Almost instantly after their legislative victory linking Iraq war funding to a timeline for withdrawing U.S. troops, Democratic lawmakers began looking at alternatives to their bill. The president's veto on Tuesday (NYT) made good on his promise to reject the war-funding bill as “defeatist legislation that insists on a date for surrender.” Yet public opinion surveys indicate solid public support (Pew) for a troop withdrawal timeline, emboldening congressional Democrats to press the president for a compromise.
So far the congressional Democrats have reflected a public mood that opposes the Iraq war but displays little clarity about how it should end, writes Elizabeth Drew in the New York Review of Books. “They have adopted the position that they aren't trying to end the war but to ‘refocus the mission’ so that American troops will be in less danger,” she writes. The Democrats’ ability to maneuver through the political standoff with President Bush will have repercussions both for the prosecution of the war, and for their party’s political prospects in the 2008 campaign. Democratic presidential aspirants in their first debate on April 26 all expressed eagerness to end the Iraq war, though they differed on the details. Sen. Christopher J. Dodd (D-CT) was the only major candidate who stated at the debate that he supports eventually cutting off funding (WashPost) for the war.
With signs that Republican patience on Iraq is ebbing, lawmakers from both major parties indicated they were in new territory regarding what to do next (SFChron). Congress has challenged presidents on wartime powers before, as this new Backgrounder notes, but rarely with such vitriol. One option for Democrats is to support a two-month supplemental bill (The Hill) while continuing efforts to alter administration policy. Former House Speaker Newt Gingrich told CFR.org that if Congress fails to pass a “clean” supplemental spending bill soon, “I think it is very destructive for the country and increases the problems of the American military substantially.”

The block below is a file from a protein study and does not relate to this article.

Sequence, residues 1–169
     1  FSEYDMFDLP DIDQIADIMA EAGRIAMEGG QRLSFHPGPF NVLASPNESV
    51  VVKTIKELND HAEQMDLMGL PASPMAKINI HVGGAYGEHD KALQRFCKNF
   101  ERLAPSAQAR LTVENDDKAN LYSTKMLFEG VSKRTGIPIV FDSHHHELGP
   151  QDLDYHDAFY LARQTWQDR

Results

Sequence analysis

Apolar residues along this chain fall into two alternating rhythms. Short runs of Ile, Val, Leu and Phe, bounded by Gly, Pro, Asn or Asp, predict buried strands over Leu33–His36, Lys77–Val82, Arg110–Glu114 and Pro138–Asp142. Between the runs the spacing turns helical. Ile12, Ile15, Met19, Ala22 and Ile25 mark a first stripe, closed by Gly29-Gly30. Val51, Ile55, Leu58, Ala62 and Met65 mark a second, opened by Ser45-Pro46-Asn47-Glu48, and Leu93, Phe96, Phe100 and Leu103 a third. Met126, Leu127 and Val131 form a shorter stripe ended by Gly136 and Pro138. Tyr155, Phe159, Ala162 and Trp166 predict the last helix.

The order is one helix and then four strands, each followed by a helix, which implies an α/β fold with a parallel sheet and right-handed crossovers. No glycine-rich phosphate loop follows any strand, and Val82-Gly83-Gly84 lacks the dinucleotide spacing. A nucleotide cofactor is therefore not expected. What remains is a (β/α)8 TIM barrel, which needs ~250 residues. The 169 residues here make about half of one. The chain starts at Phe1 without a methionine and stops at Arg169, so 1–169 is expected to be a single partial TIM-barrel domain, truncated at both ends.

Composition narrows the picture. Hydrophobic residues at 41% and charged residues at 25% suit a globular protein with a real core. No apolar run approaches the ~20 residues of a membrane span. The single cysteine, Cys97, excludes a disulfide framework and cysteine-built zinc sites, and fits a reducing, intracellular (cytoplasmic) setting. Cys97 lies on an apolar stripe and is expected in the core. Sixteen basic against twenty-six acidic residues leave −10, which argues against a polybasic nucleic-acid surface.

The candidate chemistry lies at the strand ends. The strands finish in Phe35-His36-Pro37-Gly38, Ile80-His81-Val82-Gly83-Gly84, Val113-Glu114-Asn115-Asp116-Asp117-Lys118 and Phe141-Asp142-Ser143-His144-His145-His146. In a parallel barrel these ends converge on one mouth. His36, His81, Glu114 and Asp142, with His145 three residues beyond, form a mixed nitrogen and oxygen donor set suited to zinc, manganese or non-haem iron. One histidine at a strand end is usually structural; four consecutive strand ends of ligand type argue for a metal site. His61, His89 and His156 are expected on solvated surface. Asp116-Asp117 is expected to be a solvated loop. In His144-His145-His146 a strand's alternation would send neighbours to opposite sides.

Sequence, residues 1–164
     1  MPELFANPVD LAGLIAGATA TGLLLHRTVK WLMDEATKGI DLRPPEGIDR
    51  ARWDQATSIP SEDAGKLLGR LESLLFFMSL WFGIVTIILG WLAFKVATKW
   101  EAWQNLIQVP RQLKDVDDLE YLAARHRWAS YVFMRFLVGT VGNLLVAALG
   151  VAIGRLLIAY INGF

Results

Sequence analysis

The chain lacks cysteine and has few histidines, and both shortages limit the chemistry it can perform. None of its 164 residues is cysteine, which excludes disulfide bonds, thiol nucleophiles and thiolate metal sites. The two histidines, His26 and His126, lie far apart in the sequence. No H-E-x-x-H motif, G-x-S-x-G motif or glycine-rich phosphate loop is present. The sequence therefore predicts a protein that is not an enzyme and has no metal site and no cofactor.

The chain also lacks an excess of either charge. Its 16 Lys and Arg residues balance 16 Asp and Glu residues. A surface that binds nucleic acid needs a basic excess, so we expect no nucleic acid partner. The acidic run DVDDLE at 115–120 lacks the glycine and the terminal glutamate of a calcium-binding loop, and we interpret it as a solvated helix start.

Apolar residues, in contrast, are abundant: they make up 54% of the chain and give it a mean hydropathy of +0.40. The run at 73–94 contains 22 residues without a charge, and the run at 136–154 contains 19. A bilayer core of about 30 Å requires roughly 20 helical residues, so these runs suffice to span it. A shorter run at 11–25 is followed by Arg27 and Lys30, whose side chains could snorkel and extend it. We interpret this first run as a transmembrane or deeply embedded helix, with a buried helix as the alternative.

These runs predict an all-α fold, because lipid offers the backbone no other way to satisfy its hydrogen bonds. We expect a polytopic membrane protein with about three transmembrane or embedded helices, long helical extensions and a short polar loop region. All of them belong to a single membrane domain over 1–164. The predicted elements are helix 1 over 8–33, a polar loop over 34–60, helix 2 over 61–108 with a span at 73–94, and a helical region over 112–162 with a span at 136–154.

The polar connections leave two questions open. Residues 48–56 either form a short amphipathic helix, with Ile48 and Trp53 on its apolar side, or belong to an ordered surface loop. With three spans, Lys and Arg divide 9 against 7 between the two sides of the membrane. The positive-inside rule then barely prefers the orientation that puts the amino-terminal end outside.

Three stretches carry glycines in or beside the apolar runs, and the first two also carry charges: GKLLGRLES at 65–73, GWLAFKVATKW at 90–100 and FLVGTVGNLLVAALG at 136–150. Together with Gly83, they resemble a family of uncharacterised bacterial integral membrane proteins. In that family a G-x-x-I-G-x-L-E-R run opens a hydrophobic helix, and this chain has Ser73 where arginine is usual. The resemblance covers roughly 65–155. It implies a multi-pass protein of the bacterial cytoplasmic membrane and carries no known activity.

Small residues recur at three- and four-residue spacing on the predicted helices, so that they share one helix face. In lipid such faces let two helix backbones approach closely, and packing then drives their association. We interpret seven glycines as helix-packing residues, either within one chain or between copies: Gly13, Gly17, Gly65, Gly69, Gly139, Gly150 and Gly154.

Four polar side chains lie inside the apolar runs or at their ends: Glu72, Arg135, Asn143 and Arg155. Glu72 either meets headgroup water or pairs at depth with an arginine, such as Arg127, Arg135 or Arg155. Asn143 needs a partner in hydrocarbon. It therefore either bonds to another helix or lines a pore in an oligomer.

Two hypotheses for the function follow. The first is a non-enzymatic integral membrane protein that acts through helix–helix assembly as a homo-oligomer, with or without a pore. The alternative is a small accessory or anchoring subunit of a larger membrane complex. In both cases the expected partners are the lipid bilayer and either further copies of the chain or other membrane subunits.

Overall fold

Meanwhile, the U.S. commander in Iraq, Gen. David Petraeus, warned of an increase in sectarian violence in the event of a drawdown of U.S. troops in Iraq. In a series of on-the-street interviews after the congressional votes, Iraqis themselves expressed concern about a security vacuum (Reuters) in Iraq following a major departure of U.S. forces.
Bush has stressed that the surge is only partially under way, and says there are indications that it is working to secure Iraqi neighborhoods. CFR Senior Fellow Max Boot is also cautiously optimistic after a recent visit to Iraqi hotspots. Boot is impressed by the new strategy (Weekly Standard), writing that U.S. soldiers are no longer “simply speeding down streets in their armored Humvees hoping not to hit an IED [improvised explosive device].” Reuel Marc Gerecht, also writing in the Weekly Standard, says the U.S. military is “finally waging a counterinsurgency that makes sense: We are focusing our efforts on securing Iraqi lives and property.” But each stage of the U.S. domestic debate is clouded by grim reports from Iraq. American forces recently suffered their worst casualties from a single attack in nearly two years, with nine soldiers (IHT) killed by a suicide bomber in Diyala Province, where U.S. troops are more exposed under the new counterinsurgency strategy.